Mary’s Babies is inspired by the story of fertility treatment pioneers Mary Barton and her husband Bertold Wiesner. Between the 1930s and 1960s they used Bertold’s sperm to inseminate up to 1,000 women before destroying the records.
Set in 2007, Maud Dromgoole’s play imagines a set of encounters between some of those grown-up children as they discover that they have hundreds of half-siblings.
Dromgoole doesn’t make things easy for the audience. Over 90 minutes we are presented with 39 characters played by two actors. Some scenes are so short they are over before you’ve worked out who’s speaking. It helps to have their names lit up in picture frames on the wall.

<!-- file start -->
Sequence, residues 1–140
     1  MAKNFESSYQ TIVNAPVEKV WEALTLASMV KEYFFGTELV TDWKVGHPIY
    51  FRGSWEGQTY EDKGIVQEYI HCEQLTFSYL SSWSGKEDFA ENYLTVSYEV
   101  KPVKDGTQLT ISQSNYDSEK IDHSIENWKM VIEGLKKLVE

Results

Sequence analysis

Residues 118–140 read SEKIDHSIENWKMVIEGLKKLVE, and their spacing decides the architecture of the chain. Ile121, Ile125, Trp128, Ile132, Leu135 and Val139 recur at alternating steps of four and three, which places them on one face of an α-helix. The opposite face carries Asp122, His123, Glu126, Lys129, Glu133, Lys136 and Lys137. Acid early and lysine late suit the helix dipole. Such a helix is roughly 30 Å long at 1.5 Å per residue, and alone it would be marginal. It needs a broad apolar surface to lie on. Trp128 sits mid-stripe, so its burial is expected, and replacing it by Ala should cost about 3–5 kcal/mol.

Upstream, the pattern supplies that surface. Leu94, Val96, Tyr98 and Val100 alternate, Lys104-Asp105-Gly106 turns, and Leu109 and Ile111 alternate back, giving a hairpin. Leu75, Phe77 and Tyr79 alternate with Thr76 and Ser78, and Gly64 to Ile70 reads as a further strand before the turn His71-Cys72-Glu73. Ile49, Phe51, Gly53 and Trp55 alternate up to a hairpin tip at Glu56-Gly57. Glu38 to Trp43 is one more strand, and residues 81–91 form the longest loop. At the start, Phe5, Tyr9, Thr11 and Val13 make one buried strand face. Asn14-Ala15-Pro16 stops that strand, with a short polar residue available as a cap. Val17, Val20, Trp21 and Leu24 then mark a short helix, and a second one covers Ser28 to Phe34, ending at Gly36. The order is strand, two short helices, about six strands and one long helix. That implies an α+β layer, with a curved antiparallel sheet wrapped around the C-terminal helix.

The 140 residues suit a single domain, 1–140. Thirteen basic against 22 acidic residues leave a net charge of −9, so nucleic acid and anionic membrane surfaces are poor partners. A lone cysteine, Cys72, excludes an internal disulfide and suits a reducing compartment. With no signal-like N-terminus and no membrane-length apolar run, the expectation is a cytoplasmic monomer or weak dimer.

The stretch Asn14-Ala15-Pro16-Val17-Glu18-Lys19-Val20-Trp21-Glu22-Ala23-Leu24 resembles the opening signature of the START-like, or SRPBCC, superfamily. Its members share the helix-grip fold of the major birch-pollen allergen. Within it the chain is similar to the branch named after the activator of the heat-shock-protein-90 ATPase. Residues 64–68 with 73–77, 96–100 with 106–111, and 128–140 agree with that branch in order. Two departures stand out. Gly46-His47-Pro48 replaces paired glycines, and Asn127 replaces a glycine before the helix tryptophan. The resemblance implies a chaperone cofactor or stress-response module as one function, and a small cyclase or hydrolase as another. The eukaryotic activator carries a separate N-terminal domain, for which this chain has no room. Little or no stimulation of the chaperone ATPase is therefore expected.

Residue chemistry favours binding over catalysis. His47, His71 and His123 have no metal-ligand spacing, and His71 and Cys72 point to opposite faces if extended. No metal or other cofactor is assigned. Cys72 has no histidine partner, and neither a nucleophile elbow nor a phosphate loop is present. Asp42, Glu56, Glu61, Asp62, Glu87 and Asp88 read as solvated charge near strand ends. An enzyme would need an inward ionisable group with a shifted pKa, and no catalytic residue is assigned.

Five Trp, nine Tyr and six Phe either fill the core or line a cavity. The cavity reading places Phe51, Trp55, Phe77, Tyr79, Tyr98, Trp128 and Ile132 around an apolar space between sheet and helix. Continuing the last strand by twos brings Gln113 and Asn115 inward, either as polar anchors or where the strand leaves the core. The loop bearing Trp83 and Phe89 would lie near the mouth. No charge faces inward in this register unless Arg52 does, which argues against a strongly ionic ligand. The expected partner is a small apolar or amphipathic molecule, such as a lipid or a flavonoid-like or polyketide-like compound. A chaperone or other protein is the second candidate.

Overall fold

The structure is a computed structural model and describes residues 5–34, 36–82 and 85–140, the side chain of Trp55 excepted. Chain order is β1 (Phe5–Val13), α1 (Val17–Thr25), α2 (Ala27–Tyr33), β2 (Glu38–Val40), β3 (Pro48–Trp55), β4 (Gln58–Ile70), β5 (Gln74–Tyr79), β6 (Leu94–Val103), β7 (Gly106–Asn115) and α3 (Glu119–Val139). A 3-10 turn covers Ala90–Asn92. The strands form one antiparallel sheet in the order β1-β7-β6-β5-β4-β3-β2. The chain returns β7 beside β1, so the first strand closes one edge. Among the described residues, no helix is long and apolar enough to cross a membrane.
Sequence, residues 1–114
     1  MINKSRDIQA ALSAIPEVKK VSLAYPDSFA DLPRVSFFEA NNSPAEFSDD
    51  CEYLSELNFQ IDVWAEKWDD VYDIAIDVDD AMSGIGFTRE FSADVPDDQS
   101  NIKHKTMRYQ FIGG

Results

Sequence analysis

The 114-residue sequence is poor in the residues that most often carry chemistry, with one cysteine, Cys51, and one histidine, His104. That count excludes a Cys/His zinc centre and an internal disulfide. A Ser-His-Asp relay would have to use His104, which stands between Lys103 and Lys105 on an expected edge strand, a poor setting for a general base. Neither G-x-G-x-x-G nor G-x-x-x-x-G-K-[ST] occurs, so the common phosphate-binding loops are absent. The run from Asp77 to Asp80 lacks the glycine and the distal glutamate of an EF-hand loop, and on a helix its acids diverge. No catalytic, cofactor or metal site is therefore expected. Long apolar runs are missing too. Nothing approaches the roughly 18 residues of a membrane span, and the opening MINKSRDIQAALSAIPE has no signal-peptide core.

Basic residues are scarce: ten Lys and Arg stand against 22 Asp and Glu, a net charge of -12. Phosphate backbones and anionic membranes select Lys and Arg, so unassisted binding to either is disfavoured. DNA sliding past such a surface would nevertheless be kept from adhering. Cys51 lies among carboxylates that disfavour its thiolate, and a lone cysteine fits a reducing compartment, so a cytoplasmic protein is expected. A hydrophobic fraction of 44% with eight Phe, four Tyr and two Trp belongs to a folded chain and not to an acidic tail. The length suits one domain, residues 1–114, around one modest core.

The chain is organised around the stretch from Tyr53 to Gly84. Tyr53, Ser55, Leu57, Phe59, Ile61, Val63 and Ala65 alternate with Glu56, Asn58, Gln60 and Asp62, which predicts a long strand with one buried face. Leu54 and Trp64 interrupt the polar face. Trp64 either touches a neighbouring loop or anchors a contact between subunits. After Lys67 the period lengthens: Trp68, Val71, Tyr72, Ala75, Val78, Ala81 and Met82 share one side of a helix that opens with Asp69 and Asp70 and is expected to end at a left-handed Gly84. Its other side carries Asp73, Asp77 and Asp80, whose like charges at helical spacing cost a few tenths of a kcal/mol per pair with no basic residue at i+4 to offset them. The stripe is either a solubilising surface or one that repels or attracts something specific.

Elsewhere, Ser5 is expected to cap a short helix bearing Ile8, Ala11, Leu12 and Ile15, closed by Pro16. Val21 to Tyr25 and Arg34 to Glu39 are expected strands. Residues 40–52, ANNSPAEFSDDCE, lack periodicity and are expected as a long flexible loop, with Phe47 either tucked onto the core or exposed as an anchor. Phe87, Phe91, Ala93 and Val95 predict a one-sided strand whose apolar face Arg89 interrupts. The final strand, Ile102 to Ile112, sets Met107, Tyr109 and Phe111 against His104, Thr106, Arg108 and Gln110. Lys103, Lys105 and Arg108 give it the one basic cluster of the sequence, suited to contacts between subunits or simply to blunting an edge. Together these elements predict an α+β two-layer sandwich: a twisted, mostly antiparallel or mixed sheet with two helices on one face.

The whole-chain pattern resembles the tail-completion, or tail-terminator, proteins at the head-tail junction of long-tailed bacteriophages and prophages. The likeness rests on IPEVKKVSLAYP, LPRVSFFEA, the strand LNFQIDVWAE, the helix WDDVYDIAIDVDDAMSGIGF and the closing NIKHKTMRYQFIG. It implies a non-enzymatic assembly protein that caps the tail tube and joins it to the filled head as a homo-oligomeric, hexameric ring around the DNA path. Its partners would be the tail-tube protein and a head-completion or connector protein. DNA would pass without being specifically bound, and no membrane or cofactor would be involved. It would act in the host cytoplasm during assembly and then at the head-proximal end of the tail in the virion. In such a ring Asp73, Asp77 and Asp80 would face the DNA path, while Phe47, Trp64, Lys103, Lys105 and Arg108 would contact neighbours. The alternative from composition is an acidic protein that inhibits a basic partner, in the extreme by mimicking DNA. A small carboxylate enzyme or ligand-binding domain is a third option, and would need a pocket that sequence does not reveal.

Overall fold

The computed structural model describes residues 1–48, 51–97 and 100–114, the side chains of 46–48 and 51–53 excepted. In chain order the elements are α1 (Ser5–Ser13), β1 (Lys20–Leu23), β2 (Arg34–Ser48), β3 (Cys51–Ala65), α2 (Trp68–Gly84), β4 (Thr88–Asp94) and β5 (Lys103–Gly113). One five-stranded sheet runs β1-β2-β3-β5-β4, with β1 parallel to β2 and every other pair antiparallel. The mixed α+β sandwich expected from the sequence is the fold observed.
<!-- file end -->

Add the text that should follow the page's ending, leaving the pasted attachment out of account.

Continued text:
Emma Fielding and Katy Stephens brilliantly bring these diverse personalities to life.
I particularly liked Kieran, the nervous but big-hearted “little dweeb” who spearheads the efforts to get “Barton’s Brood” together. Stephens plays him so well that his presence acts as a helpful anchor amid the multifarious encounters.
Another standout is Fielding’s straight-talking Registrar who shares a laugh-out-loud scene about birth certificates with Bret, a character who wouldn’t be out of place in EastEnders.
Not all of it works. I was baffled by a somewhat surreal scene with a ventriloquist in a hospital car park.
But the writing is whip-smart. It brims with poetry, wordplay and passages that prompt tears.
This is my second Maud Dromgoole play in a month. Here’s my review of 3 Billion Seconds.
I look forward to seeing what she conceives next.
Mary’s Babies is at Jermyn Street Theatre in London until 13 April.